As leaders, we can make assumptions about how workflows are done. We may not realize everything the front-line teams do and in what order, or that they may not be following the defined workflows. Getting an accurate picture is essential to seeing how automation tools would interact with workflows as they occur. It’s key to involve front-line staff in designing how automation tools will interact with existing workflows.
2.Unexpected interruptions in workflows
Leaders often have inaccurate ideas about how staff work, and the staff themselves may not realize what takes up most of the time in their day. Staff may have an idea of “how it works” — the ideal workflow they believe they are enacting — without realizing how many distracting tasks they are fielding and how much duplication has crept in. Different staff members often have slightly different ways of doing the same thing – bringing unnecessary variation in delivery.
Leaders looking to implement automation should ask the staff where their frustrations are. Where are the distractions? Annoyances? Duplications? The idea is to figure out how to create standardized workflows so that automation can help the team as much as possible.
3. Blind spots in how work flows across departments
A workflow that centers in a particular department will likely touch other teams. And accordingly, changes in the workflow made by one team may affect workflows in others. That’s why it’s essential to involve everyone who touches the workflow when looking at how to implement automation. If all teams involved don’t know how to interact with the automation tools, the entire workflow won’t function well.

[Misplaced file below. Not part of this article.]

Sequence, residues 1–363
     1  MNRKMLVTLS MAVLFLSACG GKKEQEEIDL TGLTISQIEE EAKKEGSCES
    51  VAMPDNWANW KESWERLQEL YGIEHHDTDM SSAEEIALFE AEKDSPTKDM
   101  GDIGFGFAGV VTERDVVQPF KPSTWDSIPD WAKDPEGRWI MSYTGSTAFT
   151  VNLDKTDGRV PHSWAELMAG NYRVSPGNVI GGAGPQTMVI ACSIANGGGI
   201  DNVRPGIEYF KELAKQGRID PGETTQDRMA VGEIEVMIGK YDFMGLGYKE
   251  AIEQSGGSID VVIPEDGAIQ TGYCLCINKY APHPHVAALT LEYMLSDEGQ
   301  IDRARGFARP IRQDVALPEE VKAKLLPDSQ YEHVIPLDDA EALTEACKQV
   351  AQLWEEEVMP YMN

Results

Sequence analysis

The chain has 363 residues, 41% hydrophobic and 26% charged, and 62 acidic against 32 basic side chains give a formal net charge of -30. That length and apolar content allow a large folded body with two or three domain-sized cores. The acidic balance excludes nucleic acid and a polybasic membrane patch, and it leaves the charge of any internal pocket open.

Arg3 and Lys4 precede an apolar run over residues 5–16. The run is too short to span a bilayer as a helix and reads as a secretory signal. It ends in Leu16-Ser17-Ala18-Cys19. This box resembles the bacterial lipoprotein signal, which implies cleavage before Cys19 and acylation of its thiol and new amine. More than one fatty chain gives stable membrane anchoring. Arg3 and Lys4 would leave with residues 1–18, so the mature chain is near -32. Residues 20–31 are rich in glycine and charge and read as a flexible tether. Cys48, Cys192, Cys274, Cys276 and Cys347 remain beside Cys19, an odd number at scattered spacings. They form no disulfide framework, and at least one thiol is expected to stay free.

4. Resistance to change
One underappreciated challenge for leaders looking to automate care coordination is a general resistance to change. This resistance crops up even if the new tool is trustworthy and advanced. A great example is the Tesla automobile. The first time you drive it, taking your hands off the wheel can be uncomfortable. Even though it is a safe and effective way to travel, there is something about giving up control. But it can help drivers to know that they can always put their hands on the wheel again and start steering.
Similarly, care teams using care orchestration tools can always “grab the wheel” whenever necessary. Leaders can emphasize that automation is an enhancement that helps care teams focus on the most important tasks without losing control of any process. Workflows are built around people, and tech makes those workflows as efficient as possible.
5. Fast-tracking automation in healthcare
As a society, we’ve gotten comfortable with automation in many aspects of our lives. We talk to our phones to text our friends. We pay for things with the click of a button and check ourselves in at the airport.
Yet automation lags in healthcare, in part because of the challenges above. Overcoming these hurdles can help fast-track a new way of working that will make care teams more likely to be satisfied in their jobs and engaged in meaningful work that benefits the patients.
Get in touch with Lumeon to learn how you can get started with care automation.